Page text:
On this particular Sunday, more than 1,300 emails arrived, almost all of them requesting changes, and as soon as the site issues were resolved the customer service team got to work fulfilling those requests. Several hours in to wading through the morass of messages, I came across one where the sender had written in all caps with 200-point type, “WHERE ARE ALL YOUR PROGRAMMERS? AT A STAR WARS CONVENTION?”

That was it. No request for fantasy lineup changes. On to the next one.

The worst part of answering customer service emails and phone calls was explaining to people that they’d subscribed to a website with recurring billing and that we had no way of seeing if they’d actually been using the site, so we could refund the most recent payment, but not all of them. Many times, it was women calling, demanding that we cancel what they believed to be an obviously fraudulent charge, only to realize when we explained what this product was that their husband, son, or father had signed up for a subscription without realizing it was a subscription and not a one-time access fee.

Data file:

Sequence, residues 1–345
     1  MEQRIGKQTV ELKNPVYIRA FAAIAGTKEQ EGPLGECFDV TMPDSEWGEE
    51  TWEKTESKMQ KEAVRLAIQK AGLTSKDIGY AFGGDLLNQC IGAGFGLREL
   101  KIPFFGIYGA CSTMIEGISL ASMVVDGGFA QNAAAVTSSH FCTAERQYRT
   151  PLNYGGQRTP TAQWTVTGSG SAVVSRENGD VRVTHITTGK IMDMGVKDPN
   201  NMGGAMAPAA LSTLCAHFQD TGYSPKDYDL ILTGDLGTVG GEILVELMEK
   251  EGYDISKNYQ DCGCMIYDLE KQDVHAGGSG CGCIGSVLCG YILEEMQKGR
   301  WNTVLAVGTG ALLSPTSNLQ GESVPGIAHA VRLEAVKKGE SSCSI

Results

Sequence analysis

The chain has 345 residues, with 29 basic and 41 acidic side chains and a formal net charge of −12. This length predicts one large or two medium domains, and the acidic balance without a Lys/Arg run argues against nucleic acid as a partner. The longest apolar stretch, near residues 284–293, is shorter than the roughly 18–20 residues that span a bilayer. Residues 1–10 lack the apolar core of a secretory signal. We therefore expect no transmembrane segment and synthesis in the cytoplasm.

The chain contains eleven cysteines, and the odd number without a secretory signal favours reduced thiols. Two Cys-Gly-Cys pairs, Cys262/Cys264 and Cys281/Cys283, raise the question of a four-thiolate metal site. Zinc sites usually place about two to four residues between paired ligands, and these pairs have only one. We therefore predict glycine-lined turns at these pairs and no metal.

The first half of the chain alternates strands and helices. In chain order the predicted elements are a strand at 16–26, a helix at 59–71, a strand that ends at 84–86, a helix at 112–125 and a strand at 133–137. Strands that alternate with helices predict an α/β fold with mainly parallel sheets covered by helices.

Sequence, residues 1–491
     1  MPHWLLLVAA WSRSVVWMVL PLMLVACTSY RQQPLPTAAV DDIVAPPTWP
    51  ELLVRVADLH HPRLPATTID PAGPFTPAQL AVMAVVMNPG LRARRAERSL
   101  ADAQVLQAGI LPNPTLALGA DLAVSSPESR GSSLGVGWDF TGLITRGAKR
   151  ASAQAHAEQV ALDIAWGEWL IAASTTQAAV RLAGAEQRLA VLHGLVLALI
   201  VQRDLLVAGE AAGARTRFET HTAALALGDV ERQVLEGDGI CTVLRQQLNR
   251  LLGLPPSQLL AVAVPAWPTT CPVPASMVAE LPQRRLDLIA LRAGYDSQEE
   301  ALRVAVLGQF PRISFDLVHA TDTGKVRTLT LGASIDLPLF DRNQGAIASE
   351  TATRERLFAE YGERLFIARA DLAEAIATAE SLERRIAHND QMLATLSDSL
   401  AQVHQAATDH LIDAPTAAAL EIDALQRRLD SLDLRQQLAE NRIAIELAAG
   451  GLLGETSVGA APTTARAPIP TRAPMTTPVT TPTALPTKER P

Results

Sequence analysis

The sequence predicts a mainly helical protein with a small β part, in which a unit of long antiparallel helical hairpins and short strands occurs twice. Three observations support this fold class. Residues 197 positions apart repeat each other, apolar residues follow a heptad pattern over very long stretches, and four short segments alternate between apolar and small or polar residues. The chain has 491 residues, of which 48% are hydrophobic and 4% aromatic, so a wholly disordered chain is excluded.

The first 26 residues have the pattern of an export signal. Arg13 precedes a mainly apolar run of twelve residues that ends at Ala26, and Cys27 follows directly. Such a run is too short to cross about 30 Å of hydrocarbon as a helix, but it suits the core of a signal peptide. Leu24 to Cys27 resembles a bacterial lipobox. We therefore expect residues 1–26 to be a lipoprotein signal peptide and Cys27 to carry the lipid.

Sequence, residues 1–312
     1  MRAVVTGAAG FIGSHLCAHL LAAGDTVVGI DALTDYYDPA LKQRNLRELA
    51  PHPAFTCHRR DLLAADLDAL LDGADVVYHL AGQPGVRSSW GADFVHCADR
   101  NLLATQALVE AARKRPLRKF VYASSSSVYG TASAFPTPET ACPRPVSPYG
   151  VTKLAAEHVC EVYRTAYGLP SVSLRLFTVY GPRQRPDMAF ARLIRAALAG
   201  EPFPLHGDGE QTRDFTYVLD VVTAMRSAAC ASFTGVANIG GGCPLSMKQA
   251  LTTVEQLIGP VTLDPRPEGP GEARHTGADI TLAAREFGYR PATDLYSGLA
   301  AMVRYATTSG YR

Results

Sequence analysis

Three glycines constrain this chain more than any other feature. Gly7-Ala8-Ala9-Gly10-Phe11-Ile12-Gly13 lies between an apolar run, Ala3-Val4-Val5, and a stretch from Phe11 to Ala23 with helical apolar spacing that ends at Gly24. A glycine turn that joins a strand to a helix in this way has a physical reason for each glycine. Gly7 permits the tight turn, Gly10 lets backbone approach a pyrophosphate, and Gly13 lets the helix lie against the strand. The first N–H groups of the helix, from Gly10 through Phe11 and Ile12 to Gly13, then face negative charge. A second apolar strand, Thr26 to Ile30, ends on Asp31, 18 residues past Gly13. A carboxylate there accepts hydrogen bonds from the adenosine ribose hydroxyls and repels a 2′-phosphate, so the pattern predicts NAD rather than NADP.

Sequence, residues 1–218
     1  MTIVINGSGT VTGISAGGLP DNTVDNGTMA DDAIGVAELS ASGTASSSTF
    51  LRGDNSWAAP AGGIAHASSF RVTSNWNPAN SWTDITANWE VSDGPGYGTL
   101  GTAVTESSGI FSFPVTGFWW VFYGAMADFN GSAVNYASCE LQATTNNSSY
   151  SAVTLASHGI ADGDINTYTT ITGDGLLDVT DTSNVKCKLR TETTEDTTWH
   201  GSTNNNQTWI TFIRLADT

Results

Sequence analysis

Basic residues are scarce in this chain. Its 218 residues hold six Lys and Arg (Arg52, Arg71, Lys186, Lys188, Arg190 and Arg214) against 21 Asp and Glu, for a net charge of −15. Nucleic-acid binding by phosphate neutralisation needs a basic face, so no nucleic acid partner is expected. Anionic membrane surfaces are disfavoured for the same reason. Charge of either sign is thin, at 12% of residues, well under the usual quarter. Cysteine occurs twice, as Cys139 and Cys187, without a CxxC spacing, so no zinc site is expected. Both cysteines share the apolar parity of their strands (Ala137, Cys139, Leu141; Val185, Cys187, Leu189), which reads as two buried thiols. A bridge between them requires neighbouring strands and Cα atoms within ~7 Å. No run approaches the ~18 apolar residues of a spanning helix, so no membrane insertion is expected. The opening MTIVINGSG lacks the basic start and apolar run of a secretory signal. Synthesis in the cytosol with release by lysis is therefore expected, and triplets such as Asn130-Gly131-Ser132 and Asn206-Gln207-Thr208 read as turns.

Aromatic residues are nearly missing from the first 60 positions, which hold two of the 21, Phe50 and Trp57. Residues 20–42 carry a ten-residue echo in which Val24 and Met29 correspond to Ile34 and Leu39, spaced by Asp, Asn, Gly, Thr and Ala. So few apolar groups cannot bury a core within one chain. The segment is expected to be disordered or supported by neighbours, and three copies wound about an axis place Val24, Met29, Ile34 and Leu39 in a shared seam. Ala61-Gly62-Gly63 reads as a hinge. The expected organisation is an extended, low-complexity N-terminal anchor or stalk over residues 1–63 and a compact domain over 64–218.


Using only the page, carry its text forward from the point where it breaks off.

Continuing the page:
I’ll never forget speaking to one woman who was clearly fighting back tears as she tried to figure out how a $20 charge had been made even though she and her husband had cut up their card months before. I told her someone who shared her surname had purchased an annual subscription, which meant the card would be charged each year on the same date, but no worries, because I would cancel the subscription and refund that most recent charge for her. At which point she lost it. Yes, she acknowledged her husband had probably signed up for this site years before, but I still didn’t get it, she said. They had an agreement with the bank that they wouldn’t use this card and now everything was ruined. I gave her my number if she wanted to call her bank and have them call me back for a three-way call so I could explain what had likely happened, but she never got back to me.